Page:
[FORUM]Stand straight; we're rated 'A'

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[FORUM]Stand straight; we're rated 'A'

A global credit rating agency has a lot of power. Moody's Investors Service's announcement that it has upgraded South Korea's sovereign credit rating by two notches to A3 raised the morale of Koreans sharply. Some people grumbled that Koreans got overly excited at the news, but I cannot forget the shock I felt when I watched Korea's debt rating being downgraded dramatically during the 1997-98 foreign exchange crisis.

During the crisis, the boarding gates for airplanes bound for Seoul at Narita International Airport in Japan were steeped in gloom. There were officials at the branches of Korean trading companies and banks in Japan; they were withdrawing from Tokyo due to their firms' bankruptcy or streamlining. There were students who had given up their studies and were returning home because of financial problems. The boarding areas looked like they were peopled with the remnants of a defeated army on a battlefield. If a country's power is sapped, the people feel wretched, and if a national economy totters, the nation's citizens get the cold shoulder everywhere, I thought with sorrow. The situation was the same at the aircraft boarding gates in New York, Paris, Frankfurt and Moscow; sorrowful faces and slumped bodies going home in failure.

If the economic conditions of a nation deteriorate, delegations from global credit rating agencies come to see senior officials of the country. The lower the nation's sovereign credit rating falls, the more senior the officials the delegates seek to meet. They want to see whether the national leadership has ideas and political will to overcome the crisis. The delegations from international credit rating agencies now are seeing working-level officials in the government and in Korean firms. That indicates that Korea's debt rating has risen nicely.

Korea underwent a very special experience. During the last two months of 1997, Korea's debt rating plunged to speculative grade in Standard & Poor's assessment, dropping 10 ranks, and Moody's dropped Korea's rating six notches, the sharpest fall ever in a two-month period. Now the rating by Moody's has risen two notches in one fell swoop. Those actions occurred in a country that has been on the road to becoming a developed country for only three decades. People who had considered emigration, believing that the country might collapse, are now rushing to Seoul stock markets because they see that the economy is recovering. This country's politics, economy and society are all dramatically changeable, as is the national prevailing sentiment. Such unrest and turmoil are obstacles to a good long-term credit rating. Korea's unrest is also graded A in its seriousness.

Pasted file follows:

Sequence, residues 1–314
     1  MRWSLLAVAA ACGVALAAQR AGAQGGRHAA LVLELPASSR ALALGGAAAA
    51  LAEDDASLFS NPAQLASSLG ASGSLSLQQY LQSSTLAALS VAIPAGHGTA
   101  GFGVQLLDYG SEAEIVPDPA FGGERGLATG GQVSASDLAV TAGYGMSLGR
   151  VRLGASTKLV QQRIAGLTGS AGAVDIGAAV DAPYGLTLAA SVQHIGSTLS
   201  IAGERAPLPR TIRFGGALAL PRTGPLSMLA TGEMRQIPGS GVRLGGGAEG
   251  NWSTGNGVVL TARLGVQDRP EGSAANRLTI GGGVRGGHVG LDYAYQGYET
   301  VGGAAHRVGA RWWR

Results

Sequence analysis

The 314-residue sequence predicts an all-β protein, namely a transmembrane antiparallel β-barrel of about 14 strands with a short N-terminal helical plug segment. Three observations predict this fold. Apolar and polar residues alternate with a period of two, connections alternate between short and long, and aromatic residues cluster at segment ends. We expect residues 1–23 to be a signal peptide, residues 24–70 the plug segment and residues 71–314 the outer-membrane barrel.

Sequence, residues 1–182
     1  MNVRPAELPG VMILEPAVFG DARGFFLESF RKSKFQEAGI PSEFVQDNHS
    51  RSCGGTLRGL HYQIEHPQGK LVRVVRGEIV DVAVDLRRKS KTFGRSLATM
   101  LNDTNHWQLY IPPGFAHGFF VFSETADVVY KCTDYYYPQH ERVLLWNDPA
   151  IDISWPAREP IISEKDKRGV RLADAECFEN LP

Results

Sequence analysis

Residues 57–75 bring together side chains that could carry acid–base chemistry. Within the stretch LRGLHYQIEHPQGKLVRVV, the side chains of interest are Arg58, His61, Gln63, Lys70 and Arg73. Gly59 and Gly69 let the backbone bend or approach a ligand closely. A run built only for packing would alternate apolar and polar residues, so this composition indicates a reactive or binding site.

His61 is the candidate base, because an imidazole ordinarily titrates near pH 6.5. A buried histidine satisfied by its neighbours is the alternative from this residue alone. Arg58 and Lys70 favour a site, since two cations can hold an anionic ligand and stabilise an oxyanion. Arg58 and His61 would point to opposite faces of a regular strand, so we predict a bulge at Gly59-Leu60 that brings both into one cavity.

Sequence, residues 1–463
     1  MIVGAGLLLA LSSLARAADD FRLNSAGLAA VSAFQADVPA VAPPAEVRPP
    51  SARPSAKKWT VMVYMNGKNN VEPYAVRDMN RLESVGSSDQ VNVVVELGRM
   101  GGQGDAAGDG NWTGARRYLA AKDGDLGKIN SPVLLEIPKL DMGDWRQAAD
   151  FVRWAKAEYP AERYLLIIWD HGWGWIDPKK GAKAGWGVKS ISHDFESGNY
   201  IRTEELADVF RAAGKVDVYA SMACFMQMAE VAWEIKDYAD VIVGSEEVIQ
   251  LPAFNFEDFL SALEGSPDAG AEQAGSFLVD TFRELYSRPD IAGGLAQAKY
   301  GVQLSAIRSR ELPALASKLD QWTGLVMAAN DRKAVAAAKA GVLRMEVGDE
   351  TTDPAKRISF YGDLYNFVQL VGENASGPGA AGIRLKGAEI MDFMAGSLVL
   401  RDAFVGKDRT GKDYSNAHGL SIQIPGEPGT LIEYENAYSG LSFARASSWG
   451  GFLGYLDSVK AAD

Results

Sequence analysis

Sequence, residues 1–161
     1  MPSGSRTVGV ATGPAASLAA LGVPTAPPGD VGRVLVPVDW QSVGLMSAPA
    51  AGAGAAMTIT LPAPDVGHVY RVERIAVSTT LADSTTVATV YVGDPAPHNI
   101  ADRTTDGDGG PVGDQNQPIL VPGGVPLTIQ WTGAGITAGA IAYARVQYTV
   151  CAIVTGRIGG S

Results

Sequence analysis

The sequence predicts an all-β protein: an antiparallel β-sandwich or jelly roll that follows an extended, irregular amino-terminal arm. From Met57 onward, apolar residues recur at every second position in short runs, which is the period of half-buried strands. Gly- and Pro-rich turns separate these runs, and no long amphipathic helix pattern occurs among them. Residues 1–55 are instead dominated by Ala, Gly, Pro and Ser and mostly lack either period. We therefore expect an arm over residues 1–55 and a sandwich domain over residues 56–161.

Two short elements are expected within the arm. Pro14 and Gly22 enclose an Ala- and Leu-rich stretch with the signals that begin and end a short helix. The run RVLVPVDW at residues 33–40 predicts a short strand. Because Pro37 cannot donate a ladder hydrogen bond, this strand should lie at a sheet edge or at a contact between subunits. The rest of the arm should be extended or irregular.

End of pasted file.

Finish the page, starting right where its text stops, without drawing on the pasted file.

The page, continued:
Since the foreign exchange crisis, Korea has been busy with corporate restructuring. American and European analysts have good opinions about the restructuring efforts, saying that the fundamentals of the Korean economy have changed. Though praising Korea, they tend to criticize Japanese politicians for a failure to adopt reform policies. Korea's economic performances, open-market policy and construction of the system for transparent society are viewed favorably.

Japanese critics say that their country should carry out restructuring and make efforts to meet the international standards in line with the Korean model. Taiwan analysts say their country needs drastic reforms in the financial sector to shed bad debt like the reform that Korea conducted. Malaysia is facing demands for reform in the labor sector, since labor productivity is far behind wage levels.

Though foreigners have high opinions about the Korean government's economic reforms, those reforms are not receiving good reviews inside Korea. But an administration whose term will soon expire always gets that kind of treatment, so the Blue House should not take such criticism too seriously. The administration should just accept the criticism quietly and reform itself and take a strong stand against illegal strikes. Those are appropriate actions for a country with an A-level international credit rating. If the government makes bad decisions in an effort to be popular, our credit rating might tumble again. I am afraid that Korean social unrest will become serious after the World Cup games and the presidential election.


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The writer is an editorial writer of the JoongAng Ilbo.

by Choi Chul-joo

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